All these ideas involved less focus on scholarly study and more on developing a Hasidic Jew’s relationship with God even through everyday mundane tasks. This is called ‘kedusha’ or ‘knowing God in all your ways’. They do this through practicing kavannah where a Jew concentrates on God. There is an old Hasidic tale which tells of a Jew who went to visit an important religious man and learned the importance of kavannah by watching him do the dishes. All these ideas are not impractical or particularly difficult to apply to a Jew’s everyday life, making Judaism a lot more practical, preventing Judaism dying out when there was a lot of pressure on and persecution of the Jewish people.
The Baal Shem Tov (also known by the acronym ‘The Besht’) was particularly fond of a Talmudic statement, “God desires the heart”, which he interpreted as meaning that for God, a pure religious spirit mattered more than knowledge of the Talmud. His successors were known as rebbe or Tazddik they were spiritual, charismatic leaders who were often considered healers or some kind of link through which people could go through to God. This belief was particularly controversial. Hasidism’s opponents, the ‘Mitnagdim’, accused the rebbes of enriching their own lives at the expense of their followers. They also disapproved of their lack of set prayer times and visibly unorthodox approach to worship.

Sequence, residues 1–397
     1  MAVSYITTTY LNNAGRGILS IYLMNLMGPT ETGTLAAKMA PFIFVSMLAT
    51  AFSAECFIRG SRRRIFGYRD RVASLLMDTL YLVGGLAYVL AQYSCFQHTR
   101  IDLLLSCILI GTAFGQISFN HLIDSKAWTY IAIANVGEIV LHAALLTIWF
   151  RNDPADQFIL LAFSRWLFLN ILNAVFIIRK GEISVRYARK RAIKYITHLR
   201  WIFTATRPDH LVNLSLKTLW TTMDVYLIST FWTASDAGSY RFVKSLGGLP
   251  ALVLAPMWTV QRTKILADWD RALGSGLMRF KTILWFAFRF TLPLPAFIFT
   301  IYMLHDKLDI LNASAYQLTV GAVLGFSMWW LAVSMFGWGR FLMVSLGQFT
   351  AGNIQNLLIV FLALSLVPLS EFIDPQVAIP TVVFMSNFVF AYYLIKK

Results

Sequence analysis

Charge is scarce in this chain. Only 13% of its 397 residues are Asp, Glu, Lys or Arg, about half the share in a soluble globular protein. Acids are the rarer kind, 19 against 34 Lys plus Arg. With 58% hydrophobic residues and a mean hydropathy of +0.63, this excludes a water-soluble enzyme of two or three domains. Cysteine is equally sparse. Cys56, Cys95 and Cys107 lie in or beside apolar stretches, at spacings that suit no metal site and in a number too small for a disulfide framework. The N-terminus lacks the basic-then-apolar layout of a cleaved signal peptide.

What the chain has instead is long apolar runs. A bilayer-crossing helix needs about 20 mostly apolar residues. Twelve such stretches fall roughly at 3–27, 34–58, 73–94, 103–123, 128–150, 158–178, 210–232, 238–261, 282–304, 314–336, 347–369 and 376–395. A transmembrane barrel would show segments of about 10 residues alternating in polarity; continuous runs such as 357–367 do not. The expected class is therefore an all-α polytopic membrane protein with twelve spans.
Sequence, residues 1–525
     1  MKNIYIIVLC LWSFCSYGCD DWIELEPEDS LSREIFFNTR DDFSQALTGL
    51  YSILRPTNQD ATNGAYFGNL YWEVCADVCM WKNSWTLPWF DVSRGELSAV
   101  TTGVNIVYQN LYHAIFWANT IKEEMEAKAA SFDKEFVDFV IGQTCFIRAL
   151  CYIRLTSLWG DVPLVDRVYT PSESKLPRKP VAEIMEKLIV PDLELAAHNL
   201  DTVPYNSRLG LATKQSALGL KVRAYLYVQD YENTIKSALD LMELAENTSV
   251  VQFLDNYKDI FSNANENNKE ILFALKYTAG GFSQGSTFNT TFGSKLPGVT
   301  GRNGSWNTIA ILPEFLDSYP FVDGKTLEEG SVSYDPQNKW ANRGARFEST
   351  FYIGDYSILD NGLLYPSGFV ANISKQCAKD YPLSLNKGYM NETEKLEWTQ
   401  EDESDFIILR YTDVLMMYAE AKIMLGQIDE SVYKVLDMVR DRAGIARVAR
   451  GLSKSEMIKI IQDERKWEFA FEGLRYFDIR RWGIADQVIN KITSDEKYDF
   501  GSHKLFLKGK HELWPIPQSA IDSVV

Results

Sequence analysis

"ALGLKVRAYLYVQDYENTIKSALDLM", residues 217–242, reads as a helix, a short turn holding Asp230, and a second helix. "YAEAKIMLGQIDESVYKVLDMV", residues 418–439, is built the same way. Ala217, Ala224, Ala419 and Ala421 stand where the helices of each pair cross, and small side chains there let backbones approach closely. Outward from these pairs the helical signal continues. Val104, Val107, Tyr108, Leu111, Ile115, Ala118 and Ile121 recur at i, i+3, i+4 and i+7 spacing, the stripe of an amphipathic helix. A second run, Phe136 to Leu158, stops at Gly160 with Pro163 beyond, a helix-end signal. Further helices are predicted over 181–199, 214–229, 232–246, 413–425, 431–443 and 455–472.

As time passed, the Hasidism and Mitnagdim recognized their differences were increasingly inconsequential, particularly after both groups found themselves facing a common enemy: the 19th century Haskalah, or Jewish enlightenment. During the 19th century, Hasidism began increasing emphasis on Talmud study- originally Hasidic teachings rejected the Talmud altogether! As the movement expanded, it put less emphasis on meditation and communing with God and more on traditional Jewish learning. As a result, Hasidism is no longer considered revolutionary; in fact they are the conservative stalwarts of Orthodox Judaism. The fact that Hasidism has done an almost complete U-turn in its practice of worship could be used as an argument that it was unnecessary movement in the first place.